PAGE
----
Oh, wait, I take back the Hehs. I put a badge on the cop. Ignore me. That’s Brandon Routh with some heavy posterization. Illustrators just don’t do a lot of men the way they drew women, Leyendecker excepted of course, but all his men are gents in Arrow shirts.

      1. Yay Elliot! Also, Brandon Routh is now on Arrow playing Ray Palmer aka The Atom. He’s kissed Felicity & has also been shown exercising shirtless… I mention this for Julie B.

  10. Isn’t her goal, like lots of your heroine’s goals, to have a family of her own choosing? That is, the people and how they live and all of it. I may be in a grouchy EVERYONE SHOULD BE ALLOWED TO MAKE THEIR OWN FAMILY mood because of an article I read about zoning issues in Hartford CT. How dare multiple families come together to live in one house??? *eyeroll forever*

    1. Her goal is to save the kids. She’s just trying to get them into adulthood without dying or killing anybody. She pretty much gave up on having a life of her own at fifteen. Of course, that’s gonna change . . .

  11. This is so great! I can’t wait to read the books. As for the plot dilemma, I have been thinking about this kind of thing A LOT lately (since there is a conference that I want to go to and I need to have something actually written). I can’t tell you if I would chose plot one or two because I don’t feel I know the characters well enough, but I can tell you one work that I’ve been trying to analyze. I even asked you about it a few months ago (and many thanks for the response). The kdrama City Hunter (yes, I know, I know – I am still over the moon in love with Korean dramas – I get obsessed, what can I say?) – *spoilers ahead* Anyway, I loved the romance in this drama, but there was so much revenge that I couldn’t decide WHAT it was – Action? Romance? Revenge story? Plot one is about the hero who is raised in a harsh environment by his step-father, a Golden Triangle drug lord, but formerly a good guy military officer. He makes sure that our hero will avenge his (hero’s) father’s death by finding the government officials that killed bio-dad in a mission gone wrong. Hero systematically begins uncovering the identities of the mystery killers, and deals out justice that the law can’t provide. Plot two is that of the spunky heroine, a secret service agent for the president, just like her father. She’s poor and basically orphaned after her mother is killed in a car crash and her father is a vegetable on life support. She’s running out of money and the hospital’s going to unhook dad. She needs cash, so she moonlights as a driver for hire, and she is completely focused on saving her home and her family. So, they meet, and the hero falls in love with her (of course) and the love changes the man that he is, in turn changing his quest for revenge. The romance is strong from the second episode almost to the end, but the ending is definitely the hero’s moment. His desire for revenge has been changed into a desire for justice because of the changes that love made in his life, but the story is his, not hers, at the end. She has an arc, but not the sweeping one that he has. And if it is his story, then revenge/justice will be at the heart if it. So, I would ask you (humbly since you KNOW this stuff already) which character changes the most? Which story is more powerful (if that makes sense)? Which is the story that wants to be told and whose story do you want to tell?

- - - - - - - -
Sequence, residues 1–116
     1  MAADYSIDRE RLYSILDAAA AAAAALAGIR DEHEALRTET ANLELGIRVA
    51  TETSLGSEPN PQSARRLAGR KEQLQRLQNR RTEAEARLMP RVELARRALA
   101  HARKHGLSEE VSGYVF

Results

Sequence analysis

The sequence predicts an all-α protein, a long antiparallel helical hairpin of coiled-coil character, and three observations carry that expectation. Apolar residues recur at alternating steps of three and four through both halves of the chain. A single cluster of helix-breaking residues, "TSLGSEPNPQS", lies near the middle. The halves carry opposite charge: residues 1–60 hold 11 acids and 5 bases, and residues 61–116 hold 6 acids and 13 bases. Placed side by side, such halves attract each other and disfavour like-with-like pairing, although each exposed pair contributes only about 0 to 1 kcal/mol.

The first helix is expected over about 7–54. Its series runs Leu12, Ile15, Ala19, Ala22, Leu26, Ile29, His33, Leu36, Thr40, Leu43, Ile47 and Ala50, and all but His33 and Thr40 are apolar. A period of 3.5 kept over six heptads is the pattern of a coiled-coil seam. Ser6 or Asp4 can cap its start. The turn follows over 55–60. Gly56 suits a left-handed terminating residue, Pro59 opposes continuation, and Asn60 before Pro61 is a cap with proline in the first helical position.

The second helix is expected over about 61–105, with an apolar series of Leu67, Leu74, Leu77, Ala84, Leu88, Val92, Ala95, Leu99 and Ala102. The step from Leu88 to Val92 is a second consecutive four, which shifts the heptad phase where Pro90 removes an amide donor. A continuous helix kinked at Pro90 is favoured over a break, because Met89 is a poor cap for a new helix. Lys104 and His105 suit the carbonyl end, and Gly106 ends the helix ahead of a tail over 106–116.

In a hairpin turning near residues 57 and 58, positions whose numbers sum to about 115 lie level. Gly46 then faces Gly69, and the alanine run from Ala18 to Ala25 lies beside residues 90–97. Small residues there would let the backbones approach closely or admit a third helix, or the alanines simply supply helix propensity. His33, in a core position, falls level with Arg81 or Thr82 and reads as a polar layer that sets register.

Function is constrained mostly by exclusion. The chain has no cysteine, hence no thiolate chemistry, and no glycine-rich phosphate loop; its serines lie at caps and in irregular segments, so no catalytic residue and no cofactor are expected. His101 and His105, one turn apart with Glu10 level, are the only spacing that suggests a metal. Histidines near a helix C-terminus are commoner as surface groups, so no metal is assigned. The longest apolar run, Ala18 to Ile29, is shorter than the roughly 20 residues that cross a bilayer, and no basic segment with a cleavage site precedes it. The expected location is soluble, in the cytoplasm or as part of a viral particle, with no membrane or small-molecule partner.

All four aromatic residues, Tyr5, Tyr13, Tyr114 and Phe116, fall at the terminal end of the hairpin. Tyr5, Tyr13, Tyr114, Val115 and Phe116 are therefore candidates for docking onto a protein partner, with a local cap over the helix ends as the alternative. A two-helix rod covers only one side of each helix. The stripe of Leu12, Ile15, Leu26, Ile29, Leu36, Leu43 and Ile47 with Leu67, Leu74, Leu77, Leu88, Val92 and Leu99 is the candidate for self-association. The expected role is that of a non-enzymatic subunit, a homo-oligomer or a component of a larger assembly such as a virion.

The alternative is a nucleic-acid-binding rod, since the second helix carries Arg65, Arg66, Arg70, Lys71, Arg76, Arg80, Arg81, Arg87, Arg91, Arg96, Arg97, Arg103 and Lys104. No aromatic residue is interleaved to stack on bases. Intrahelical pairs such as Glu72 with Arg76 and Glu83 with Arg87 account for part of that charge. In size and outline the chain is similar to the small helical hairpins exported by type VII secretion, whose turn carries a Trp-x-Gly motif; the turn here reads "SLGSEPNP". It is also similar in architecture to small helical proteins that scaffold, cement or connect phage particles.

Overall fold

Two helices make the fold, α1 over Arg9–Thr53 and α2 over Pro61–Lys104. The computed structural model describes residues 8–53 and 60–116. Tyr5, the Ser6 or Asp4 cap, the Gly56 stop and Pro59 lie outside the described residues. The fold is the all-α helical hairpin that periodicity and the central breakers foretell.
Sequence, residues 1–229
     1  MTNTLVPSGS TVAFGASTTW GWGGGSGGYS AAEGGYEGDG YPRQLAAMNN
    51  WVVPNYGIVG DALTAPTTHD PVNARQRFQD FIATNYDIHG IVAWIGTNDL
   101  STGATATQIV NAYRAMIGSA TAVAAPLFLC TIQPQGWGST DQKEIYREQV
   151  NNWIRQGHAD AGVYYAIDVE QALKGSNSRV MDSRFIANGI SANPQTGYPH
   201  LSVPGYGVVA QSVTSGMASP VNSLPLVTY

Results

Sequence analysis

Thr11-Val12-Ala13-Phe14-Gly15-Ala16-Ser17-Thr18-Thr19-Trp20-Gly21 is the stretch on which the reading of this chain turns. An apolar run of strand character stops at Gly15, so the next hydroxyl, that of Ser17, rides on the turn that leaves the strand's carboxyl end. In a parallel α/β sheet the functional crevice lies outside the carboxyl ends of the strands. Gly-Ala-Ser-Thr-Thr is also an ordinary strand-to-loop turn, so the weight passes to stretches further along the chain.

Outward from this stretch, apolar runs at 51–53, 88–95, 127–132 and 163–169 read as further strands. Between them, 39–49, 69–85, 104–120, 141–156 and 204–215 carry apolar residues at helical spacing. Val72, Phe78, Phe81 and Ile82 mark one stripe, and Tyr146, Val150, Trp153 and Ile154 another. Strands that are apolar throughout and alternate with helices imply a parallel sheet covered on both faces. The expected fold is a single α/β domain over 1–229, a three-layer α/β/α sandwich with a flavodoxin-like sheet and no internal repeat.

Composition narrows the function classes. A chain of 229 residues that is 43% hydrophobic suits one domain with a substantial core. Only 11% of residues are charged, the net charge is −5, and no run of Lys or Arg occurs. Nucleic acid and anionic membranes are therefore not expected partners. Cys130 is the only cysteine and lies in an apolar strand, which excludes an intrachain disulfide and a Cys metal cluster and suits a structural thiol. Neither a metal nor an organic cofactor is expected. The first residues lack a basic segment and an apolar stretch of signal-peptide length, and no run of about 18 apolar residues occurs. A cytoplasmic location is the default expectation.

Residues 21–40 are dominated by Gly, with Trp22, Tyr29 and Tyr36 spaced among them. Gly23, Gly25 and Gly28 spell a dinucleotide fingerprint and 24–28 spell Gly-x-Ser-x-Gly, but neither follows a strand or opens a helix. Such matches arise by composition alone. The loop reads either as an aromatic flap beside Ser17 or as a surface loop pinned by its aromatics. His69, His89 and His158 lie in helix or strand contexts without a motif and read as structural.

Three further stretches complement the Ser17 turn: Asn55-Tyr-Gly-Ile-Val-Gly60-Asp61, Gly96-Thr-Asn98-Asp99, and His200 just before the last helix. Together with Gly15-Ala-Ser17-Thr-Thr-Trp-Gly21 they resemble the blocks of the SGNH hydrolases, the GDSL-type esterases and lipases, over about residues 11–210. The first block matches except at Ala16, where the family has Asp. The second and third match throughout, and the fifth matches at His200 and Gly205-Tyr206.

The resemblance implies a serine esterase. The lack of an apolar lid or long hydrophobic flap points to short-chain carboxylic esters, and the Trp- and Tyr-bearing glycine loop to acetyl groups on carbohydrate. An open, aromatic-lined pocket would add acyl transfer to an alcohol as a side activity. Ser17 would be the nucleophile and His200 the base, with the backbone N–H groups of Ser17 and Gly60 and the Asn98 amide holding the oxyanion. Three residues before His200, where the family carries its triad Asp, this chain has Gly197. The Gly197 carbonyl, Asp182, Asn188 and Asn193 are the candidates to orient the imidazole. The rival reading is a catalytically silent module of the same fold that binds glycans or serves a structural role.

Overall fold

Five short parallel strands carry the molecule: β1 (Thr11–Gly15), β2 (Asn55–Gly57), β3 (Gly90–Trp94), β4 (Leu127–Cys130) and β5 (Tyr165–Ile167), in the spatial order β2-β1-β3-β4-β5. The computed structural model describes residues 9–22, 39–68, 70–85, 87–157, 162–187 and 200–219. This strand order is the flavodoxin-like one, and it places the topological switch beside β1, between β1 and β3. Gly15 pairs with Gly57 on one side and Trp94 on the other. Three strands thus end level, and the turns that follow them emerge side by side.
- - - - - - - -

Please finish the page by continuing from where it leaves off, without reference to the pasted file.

12. I take it back about not choosing. I’d pick plot one as the main plot because of the desperate nature of the situation – Zo pitted against someone who wants to hurt her children and eat her heart. Plot two seems to be uplifting, but watching a nice guy try to convince a girl that he loves her doesn’t seem to have the dramatic pull of watching a heroine fight against evil to save her heart.

    1. Yep, that’s what I gravitated to, too. I think any time you put kids in jeopardy, the kids come first. That’s what happened with Maybe This Time.

  13. Sounds yummy whichever one you decide to go with. Pick a lane any lane is a pain in the neck, but it does prevent getting your car side swiped or your story turning into a mish mash. I had to go back into my latest suspense and build up my antagonist in earlier chapters, as I’d given too much focus to the unfolding romance. In your case it sounds to me like #1 takes precedence. He’s going to drive the story, he sounds like a good evil antagonist. : )

  14. Sounds like it’s going to be a good ride, whichever lane you pick!

    Love the collages, as always. Those pinks! And look how the frog’s foot kind of echoes the badge . . . . I also love how when you say things are not right, you increase the size of the dagger. (And the wedding ring, and the stone statue — I guess a lot of elements got bigger parts. Zo stays the same, but her dagger gets bigger (-:.)

    1. I was a little worried about heroes and heroines being pasteurized, because would that remove all the snark? Then I realized it was an AutoIncorrect.

      Loving the collage, and loving your excitement.

  15. Apropos of not much, I just want to say I ADORE Leyendecker. I once had the great fortune of going to the Norman Rockwell Museum in CT on a whim and completely accidentally stumbling upon a special exhibit of Leyendecker paintings. It was awesome.